Controversy surrounds the Sh200,000 offered by the Kenya Ferry Service (KFS) to the family of Miriam and her daughter Amanda, who died in the Likoni tragedy.
According to the statement by the agency’s corporate services officer Elizabeth Wachira, the Sh200,000 has been given to the family for the burial arrangements.
Sh100,000 was given to the widower John Wambua and another Sh100,000 to Peter Mwaghogho, father to the late Mirriam, raising eyebrows on why the the money had to be issued in two accounts if it was meant for burial.
This has raised questions over the same, as to whether the KFS have taken responsibility over the matter or they are just acting out of good gesture.
According to the widower John Wambua, the KFS were at fault narrating that Mirriam was an experienced driver who had been driving for over 10 years hence could not have caused the accident.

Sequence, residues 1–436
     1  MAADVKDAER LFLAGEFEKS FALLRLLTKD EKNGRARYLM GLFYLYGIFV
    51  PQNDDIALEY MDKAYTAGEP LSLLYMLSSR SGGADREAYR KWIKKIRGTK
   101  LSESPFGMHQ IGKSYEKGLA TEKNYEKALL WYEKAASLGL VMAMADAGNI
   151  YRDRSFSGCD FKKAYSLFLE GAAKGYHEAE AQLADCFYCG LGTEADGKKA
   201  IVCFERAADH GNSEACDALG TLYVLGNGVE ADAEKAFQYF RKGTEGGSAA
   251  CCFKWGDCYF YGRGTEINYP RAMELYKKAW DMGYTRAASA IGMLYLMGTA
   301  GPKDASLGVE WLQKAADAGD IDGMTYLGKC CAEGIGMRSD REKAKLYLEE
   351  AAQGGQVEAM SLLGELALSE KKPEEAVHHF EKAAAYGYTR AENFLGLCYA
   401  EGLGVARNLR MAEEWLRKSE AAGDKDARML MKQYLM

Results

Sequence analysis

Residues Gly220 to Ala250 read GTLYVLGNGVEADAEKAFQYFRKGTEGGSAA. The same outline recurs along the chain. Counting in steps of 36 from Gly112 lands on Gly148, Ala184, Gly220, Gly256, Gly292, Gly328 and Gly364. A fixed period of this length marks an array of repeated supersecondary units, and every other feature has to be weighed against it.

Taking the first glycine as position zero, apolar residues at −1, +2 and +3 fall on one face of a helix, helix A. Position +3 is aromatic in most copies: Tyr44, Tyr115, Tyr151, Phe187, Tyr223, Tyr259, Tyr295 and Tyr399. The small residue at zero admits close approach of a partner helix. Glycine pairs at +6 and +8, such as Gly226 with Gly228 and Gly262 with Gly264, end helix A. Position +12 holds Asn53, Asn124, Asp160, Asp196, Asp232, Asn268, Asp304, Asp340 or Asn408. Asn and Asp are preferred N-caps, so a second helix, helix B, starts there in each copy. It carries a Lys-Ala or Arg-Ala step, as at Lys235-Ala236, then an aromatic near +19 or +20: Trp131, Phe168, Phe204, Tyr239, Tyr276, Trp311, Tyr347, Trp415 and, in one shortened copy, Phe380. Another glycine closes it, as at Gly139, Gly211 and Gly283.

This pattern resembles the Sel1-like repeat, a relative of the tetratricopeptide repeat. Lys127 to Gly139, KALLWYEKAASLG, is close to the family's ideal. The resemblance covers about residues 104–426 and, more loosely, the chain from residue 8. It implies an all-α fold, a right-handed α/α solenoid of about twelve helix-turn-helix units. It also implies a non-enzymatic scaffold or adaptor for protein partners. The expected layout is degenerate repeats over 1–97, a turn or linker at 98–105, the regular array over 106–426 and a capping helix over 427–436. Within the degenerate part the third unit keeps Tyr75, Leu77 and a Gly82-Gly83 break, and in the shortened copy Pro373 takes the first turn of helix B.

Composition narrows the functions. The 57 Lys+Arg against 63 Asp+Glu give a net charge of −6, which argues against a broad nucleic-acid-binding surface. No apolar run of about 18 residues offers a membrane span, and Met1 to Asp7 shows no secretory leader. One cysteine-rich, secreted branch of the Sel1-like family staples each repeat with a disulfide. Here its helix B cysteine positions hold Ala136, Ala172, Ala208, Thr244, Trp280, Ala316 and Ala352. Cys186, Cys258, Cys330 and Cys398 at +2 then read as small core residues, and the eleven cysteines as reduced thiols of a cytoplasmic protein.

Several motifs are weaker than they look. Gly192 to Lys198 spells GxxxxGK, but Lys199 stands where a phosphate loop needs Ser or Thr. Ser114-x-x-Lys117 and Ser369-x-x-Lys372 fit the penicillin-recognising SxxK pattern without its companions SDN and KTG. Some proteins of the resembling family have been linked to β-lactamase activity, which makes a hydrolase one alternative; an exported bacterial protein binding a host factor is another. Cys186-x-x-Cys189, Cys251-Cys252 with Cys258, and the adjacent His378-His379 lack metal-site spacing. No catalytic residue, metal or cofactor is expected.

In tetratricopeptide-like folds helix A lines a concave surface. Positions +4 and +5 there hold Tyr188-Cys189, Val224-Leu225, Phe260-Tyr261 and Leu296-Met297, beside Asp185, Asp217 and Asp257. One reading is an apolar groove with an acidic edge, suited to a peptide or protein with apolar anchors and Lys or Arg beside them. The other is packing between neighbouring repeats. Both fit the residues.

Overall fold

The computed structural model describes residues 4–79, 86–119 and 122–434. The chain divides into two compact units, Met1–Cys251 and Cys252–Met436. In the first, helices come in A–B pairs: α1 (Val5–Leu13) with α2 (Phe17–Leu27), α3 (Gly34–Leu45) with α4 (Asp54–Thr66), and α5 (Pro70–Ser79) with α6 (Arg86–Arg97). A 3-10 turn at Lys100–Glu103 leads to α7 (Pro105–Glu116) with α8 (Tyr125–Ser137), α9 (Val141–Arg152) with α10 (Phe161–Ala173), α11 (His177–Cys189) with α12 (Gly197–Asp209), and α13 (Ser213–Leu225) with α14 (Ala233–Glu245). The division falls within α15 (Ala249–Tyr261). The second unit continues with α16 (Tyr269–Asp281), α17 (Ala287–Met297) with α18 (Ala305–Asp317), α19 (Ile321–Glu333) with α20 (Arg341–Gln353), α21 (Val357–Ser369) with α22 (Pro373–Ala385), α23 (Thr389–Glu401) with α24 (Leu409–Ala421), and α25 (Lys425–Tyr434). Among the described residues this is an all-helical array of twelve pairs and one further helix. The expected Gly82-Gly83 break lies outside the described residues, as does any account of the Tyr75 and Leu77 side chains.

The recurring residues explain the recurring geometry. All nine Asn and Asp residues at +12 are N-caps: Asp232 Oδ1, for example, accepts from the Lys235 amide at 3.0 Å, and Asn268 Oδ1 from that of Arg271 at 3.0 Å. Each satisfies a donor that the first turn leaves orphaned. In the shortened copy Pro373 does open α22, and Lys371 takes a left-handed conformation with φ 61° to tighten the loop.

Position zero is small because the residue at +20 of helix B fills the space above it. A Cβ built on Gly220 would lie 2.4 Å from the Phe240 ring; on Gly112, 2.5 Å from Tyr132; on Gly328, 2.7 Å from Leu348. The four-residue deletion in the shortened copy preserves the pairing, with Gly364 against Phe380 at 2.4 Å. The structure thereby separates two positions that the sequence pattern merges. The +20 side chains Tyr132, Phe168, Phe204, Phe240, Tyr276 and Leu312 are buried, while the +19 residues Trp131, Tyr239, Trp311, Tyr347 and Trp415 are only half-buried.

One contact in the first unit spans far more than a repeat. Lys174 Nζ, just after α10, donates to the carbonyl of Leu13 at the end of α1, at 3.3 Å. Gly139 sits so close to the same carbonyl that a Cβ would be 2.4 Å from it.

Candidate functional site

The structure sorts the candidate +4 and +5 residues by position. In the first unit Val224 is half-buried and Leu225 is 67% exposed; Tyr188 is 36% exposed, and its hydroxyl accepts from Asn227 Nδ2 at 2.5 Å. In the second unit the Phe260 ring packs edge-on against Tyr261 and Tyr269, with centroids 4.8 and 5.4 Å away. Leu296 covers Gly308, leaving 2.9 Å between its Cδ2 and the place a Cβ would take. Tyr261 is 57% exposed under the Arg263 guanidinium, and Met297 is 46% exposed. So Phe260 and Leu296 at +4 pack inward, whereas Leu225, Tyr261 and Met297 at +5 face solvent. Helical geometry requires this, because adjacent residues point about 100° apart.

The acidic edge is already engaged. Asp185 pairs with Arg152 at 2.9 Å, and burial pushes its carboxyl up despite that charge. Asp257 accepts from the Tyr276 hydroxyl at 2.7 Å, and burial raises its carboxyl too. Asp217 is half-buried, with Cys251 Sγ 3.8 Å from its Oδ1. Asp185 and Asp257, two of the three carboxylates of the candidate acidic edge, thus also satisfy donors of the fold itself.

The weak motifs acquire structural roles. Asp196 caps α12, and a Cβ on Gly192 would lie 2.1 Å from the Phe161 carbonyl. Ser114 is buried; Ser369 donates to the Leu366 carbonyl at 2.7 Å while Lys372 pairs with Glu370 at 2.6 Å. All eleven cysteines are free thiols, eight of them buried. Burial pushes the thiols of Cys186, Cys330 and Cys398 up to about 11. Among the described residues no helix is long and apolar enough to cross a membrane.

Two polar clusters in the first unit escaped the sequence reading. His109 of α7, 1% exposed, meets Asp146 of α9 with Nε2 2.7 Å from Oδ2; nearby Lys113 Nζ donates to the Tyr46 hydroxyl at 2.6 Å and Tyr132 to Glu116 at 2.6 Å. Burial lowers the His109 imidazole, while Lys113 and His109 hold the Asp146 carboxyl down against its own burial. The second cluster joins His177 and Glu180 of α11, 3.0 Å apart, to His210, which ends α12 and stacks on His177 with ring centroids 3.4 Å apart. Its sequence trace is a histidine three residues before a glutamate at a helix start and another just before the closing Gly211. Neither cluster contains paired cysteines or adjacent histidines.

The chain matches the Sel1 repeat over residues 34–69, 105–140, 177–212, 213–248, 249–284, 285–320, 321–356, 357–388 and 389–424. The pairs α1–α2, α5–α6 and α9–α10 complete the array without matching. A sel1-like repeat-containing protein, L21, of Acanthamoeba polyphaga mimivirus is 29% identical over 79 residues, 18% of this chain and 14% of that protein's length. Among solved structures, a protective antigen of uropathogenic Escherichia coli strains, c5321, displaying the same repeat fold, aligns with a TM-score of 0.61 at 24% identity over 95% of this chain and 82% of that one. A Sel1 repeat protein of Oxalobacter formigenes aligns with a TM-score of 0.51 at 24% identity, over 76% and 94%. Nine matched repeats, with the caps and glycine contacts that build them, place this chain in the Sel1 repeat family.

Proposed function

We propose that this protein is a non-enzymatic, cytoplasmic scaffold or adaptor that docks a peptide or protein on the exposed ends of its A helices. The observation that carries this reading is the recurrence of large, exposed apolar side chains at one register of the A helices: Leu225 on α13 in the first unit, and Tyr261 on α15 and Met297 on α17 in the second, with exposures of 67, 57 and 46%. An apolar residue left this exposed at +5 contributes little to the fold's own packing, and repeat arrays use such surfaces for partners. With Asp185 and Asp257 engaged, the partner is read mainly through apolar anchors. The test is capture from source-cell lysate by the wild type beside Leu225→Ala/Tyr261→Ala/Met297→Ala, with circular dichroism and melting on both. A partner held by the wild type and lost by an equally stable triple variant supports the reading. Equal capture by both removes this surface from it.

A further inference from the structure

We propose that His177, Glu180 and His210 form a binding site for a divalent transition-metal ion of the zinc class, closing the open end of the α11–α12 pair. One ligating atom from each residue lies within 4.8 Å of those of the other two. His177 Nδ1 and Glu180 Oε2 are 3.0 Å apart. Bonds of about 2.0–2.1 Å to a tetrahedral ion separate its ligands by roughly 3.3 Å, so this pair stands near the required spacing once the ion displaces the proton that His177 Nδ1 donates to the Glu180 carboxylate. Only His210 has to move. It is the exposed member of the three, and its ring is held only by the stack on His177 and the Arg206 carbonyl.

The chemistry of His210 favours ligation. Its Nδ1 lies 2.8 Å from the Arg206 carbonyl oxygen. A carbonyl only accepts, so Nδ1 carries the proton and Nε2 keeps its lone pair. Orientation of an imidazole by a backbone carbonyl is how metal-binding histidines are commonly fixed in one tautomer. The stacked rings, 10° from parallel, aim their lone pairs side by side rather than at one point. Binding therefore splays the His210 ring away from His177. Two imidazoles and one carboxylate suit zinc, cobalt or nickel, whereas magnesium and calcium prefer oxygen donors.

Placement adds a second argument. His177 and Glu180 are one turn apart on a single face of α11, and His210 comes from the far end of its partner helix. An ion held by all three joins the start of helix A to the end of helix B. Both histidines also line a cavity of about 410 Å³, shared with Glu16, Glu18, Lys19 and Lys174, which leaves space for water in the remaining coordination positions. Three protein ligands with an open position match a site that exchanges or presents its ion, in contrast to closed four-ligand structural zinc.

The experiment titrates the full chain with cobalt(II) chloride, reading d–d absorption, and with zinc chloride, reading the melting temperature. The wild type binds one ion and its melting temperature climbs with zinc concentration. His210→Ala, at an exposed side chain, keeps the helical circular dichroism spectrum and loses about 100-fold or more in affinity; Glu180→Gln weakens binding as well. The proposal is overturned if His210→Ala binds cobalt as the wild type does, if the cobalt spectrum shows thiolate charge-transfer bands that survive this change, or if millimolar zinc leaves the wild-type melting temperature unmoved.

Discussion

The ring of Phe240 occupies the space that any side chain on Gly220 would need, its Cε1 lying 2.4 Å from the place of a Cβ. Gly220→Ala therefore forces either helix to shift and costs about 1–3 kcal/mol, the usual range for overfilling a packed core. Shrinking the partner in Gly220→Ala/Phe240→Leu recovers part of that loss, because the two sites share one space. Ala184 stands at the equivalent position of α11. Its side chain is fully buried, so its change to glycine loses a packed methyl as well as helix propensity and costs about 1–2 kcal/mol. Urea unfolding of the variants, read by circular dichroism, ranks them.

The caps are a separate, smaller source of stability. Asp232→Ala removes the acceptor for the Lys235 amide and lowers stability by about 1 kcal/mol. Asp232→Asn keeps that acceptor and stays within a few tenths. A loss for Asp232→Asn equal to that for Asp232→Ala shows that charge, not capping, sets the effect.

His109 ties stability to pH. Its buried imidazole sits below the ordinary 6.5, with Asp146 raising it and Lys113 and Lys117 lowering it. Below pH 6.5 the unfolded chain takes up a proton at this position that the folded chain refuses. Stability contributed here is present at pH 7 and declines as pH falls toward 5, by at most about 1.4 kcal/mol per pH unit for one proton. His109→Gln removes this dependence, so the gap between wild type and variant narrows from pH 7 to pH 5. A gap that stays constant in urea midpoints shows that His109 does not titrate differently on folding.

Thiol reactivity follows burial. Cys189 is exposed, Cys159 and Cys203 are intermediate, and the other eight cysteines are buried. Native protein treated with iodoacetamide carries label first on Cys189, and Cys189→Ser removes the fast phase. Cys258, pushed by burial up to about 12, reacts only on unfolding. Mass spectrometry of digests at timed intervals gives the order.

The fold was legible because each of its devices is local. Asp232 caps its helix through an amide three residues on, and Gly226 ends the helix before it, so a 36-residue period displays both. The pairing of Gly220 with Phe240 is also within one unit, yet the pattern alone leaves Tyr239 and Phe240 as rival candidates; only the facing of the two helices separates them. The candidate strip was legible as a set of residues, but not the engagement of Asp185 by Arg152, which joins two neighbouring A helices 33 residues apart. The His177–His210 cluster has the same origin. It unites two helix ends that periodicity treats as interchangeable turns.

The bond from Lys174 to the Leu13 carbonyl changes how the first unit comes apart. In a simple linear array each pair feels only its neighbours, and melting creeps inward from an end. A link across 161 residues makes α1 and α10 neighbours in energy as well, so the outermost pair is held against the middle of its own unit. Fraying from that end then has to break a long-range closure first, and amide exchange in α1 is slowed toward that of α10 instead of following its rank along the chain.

Wambua doubted whether there was negligence from her part indicating that the car he saw after being retrieved was in parking gear and the handbrake activated.
“She has been driving for over 10 years, she is a very careful driver… I doubt it was her negligence, you saw the car, it was in parking gear, the handbrake was activated,” said Wambua while recounting the last moments in one of the interviews.
The money was given before the bodies of the deceased were released to the family as the postmortem is yet to be carried out at the Coast General Hospital.
Their bodies were retrieved 13 days later after the car plunged into the Indian Ocean, with the kin optimistic that the investigations will reveal the reason as to why the car plunged into the water.
Late Mirriam and her daughter are set to be buried in Mung’ala village, Makueni County.